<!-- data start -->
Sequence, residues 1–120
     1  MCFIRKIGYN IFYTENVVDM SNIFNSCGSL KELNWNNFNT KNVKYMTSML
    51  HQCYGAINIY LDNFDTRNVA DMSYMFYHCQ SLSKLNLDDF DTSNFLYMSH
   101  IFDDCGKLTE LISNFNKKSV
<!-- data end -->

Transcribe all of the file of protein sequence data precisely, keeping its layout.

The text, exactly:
Sequence, residues 1–120
     1  MCFIRKIGYN IFYTENVVDM SNIFNSCGSL KELNWNNFNT KNVKYMTSML
    51  HQCYGAINIY LDNFDTRNVA DMSYMFYHCQ SLSKLNLDDF DTSNFLYMSH
   101  IFDDCGKLTE LISNFNKKSV